Based on concentrations obtained, each TNF R variant was normalized to 50 ng/mL. A four point dilution series was made for each variant. To determine the antagonist activity of TNFR variants, TNF-induced caspase-3 activation was measured. Caspase-3 activation of mouse WEHI-3 cells was achieved by priming the cells with 1 ug/ml actinomycin D and treating with 10 ng/mL of TNF for 4 hrs.
Antagonist activity of variant TNF R1 was determined by measuring the inhibition of TNFa induced caspase activity described above in the presence (or absence) of TNFR variants. Comparison of the antagonist activity of WT TNF R1 to variant TNF R1 expressed in mammalian cells allowed for determining relative potency. The following procedure was used:
0.05 ml of media containing 5×105 WEHI 13 var cells was added to each well of a 96 well plate 24 hours prior to the experiment. The plate was incubated overnight at 37° C. in a humidified chamber with 5% CO2. On the day of the experiment, 2× assay media was prepared by adding actinomycin D (2 ug/mL) and TNFa (20 ng/ml) to cell culture media. Serial dilutions of commercial and variant TNF R1 were pre-mixed in assay media at the appropriate concentrations. The range of the TNFR1 standard tested was 31 μg/ml to 31 pg/mL. Upon pre-mixing of TNFa assay media to the variant TNFR1, an equal volume of sample was added immediately to the WEHI cells. The assay proceeded for 4 hours at 37° C. in a humidified chamber with 5% CO2. Caspase substrate was then added and incubated for an additional 2 hours at 37° C. in a humidified chamber with 5% CO2. Caspase activity was determined by measuring fluorescence at 485 nm/535 nm, 1.0 second/well. The results of this assay are shown in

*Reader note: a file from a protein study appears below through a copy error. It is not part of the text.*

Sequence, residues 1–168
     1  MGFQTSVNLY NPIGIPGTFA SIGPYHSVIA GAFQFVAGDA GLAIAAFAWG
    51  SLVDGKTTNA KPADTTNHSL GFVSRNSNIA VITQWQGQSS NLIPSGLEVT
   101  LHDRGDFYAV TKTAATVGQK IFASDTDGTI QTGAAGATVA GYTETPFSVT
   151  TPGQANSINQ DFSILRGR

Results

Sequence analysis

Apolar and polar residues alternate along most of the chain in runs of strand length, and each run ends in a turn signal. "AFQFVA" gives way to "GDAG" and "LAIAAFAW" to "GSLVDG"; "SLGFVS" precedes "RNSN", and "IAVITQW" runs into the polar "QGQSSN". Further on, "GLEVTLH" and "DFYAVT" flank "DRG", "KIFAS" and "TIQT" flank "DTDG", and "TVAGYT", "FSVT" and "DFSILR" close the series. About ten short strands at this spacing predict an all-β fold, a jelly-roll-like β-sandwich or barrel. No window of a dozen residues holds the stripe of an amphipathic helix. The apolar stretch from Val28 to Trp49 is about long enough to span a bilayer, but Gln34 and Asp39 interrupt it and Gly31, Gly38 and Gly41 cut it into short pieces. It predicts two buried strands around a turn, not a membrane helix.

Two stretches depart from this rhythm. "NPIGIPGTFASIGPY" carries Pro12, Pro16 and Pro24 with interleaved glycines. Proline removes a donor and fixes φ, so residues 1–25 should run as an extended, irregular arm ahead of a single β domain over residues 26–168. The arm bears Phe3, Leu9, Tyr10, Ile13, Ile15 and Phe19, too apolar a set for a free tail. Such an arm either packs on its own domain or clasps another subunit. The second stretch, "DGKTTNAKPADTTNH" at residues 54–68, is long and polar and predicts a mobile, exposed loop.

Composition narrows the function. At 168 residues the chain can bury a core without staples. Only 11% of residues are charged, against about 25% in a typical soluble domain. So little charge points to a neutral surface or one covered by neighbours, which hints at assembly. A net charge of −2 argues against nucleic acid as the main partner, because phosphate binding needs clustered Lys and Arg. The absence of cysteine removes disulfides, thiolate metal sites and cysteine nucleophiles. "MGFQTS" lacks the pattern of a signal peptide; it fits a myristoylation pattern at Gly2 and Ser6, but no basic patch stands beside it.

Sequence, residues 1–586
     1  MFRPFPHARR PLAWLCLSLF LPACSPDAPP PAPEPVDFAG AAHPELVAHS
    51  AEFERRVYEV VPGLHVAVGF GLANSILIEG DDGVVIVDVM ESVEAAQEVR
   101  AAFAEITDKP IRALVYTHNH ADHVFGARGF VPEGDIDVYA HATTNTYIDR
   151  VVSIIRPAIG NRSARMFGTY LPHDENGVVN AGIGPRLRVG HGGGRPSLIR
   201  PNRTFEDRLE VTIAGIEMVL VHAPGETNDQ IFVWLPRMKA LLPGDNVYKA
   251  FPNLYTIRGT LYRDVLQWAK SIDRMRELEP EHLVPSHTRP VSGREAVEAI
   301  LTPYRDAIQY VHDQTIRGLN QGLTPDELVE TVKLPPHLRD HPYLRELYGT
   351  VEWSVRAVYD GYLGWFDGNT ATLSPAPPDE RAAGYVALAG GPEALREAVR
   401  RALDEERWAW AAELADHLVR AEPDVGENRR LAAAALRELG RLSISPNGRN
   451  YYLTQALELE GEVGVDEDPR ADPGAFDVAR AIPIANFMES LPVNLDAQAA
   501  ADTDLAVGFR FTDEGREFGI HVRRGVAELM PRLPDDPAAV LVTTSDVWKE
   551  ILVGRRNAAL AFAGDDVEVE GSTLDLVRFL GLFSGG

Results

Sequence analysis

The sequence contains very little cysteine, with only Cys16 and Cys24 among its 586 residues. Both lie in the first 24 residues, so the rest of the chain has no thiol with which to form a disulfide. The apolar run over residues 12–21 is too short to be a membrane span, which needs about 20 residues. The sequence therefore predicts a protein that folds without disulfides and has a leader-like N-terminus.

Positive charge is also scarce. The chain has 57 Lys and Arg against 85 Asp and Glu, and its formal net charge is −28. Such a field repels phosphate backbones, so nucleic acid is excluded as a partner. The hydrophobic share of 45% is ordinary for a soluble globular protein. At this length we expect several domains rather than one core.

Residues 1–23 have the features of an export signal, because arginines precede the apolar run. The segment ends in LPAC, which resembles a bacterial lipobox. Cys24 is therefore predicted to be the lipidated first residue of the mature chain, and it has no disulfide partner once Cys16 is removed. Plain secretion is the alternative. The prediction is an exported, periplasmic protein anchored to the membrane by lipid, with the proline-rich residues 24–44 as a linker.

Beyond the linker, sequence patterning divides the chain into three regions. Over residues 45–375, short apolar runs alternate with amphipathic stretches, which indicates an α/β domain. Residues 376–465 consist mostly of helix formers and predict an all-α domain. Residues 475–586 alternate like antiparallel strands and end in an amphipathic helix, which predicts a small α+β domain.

Whereas particular embodiments of the invention have been described above for purposes of illustration, it will be appreciated by those skilled in the art that numerous variations of the details may be made without departing from the invention as described in the appended claims.
|Cited Patent||Filing date||Publication date||Applicant||Title|
|US5344915||4 May 1990||6 Sep 1994||Basf Aktiengesellschaft||Proteins and the preparation thereof|
|US5395760||10 May 1990||7 Mar 1995||Immunex Corporation||DNA encoding tumor necrosis factor-α and -β receptors|
|US5478925||7 Aug 1992||26 Dec 1995||Yeda Research And Development Co. Ltd.||Multimers of the soluble forms of TNF receptors, their preparation and pharmaceutical compositions containing them|
|US5512544||7 May 1992||30 Apr 1996||Yeda Research And Development Co. Ltd.||Pharmaceutical compositions comprising an anticytokine|
|US5605690||8 Feb 1995||25 Feb 1997||Immunex Corporation||Methods of lowering active TNF-α levels in mammals using tumor necrosis factor receptor|